What are the legal issues with starting a new business?

Discussion About Legal Issues in New Business Venturing

To manage the relationship with any lawyer we feel it is important to know what they do, how they can help you, and how they think. This Article is merely intended to help guide you and to prepare you for your discussions with any legal specialist.

The basic legal steps before doing business are:
– handling issues with your prior employers
– choosing a company name
– filing all the documents with the secretary of the chosen state
– paying all the required fees with the chosen state
– working on the capital structuring of the equity
– drafting employee agreements
– legal documents for incentive stock options

We know that you will need legal help in the following areas:
– incorporation
– copyrights
– trademarks
– patents
– contracts and agreements
– personal needs of the venture team
– real estate and leasing agreements
– employee stock ownership plans
– franchising and licensing
– formal litigation
– delinquent accounts
– liability protection
– merger and acquisitions
– employee benefit plans
– tax planning and review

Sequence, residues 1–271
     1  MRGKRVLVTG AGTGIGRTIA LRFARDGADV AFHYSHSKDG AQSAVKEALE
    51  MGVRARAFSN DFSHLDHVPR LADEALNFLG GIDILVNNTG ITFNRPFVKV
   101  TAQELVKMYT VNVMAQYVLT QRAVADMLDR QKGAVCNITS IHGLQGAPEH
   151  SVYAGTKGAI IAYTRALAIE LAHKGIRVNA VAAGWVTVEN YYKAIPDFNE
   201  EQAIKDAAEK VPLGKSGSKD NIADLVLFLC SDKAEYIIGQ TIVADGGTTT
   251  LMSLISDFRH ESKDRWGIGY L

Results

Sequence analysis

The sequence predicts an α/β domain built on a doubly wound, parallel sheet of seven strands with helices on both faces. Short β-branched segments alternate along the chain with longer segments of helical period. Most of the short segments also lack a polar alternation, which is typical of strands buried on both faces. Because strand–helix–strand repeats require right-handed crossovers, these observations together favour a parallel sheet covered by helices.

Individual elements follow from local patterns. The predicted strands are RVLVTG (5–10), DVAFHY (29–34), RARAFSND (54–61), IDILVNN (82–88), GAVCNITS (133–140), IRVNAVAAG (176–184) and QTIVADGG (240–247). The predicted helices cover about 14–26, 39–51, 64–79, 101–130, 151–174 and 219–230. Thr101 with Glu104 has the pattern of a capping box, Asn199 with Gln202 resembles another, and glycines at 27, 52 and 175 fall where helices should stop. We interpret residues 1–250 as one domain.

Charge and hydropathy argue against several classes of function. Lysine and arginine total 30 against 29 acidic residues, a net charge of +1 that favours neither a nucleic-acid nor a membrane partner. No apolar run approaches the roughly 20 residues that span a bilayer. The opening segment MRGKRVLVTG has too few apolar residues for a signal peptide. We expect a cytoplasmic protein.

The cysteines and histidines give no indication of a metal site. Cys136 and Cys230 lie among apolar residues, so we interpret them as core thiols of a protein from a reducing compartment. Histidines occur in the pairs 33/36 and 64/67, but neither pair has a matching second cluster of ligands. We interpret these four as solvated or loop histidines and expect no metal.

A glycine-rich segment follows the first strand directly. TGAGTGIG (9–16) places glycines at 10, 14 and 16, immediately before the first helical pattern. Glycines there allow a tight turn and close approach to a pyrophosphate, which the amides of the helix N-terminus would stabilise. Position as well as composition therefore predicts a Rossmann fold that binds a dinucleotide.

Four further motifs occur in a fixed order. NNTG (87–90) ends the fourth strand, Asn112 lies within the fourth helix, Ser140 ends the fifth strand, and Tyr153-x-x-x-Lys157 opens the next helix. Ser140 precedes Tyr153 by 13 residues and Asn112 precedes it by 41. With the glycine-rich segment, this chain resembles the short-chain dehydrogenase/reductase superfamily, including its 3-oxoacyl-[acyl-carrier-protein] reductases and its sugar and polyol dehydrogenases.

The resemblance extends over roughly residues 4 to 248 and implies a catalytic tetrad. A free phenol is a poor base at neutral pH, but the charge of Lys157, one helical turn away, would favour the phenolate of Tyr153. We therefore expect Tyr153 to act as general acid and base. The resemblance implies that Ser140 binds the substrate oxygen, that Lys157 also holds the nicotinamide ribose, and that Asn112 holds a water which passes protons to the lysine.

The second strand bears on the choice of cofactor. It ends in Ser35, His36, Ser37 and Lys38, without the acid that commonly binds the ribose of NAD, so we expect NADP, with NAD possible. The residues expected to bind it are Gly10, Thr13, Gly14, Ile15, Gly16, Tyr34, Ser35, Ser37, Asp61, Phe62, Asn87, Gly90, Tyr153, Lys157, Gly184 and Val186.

– government and regulatory reporting

Note: If you have plans to raise money from Venture Capitalists, Angel Investors, Strategic Investors you will need to have your new company incorporated.

New Employees and Issues with Intellectual Property
More than ever, potential investors are looking for ventures that are run and operated by professional entrepreneurs and domain experts who are specialists in their respective fields. Likewise, it is assumed that most will have existing or prior relationships immediately before joining the new business venture. It is important that during this formation process that all such potential members of the venture team, and employees that are to be hired directly following the launch, do not misappropriate the intellectual property we discussed in previous Articles.

If you plan to leave a company and intend to compete with that company through your new business venture, be very careful with the solicitation of fellow employees, business accounts, and even professional service providers. Check with your legal representatives because IP laws are different for each state and are changing each year. Bottom line, be very careful in hiring employees from competitors, how you hand out and expect employees to sign non-compete agreements, how you will handle non-solicitation clauses, and how you will manage intellectual property issues in your new venture.

Corporate Structuring
One of the key issues you must resolve at the outset of your new venture concerns the legal structure of your venture. There are three basic legal forms of business: sole proprietorships, partnerships and LLCs, and C Corporations. The right legal structure for your business can save you money, help you get more money, and save you from future headaches. The wrong one can take years to unwind, especially if the corporate documents are not in order.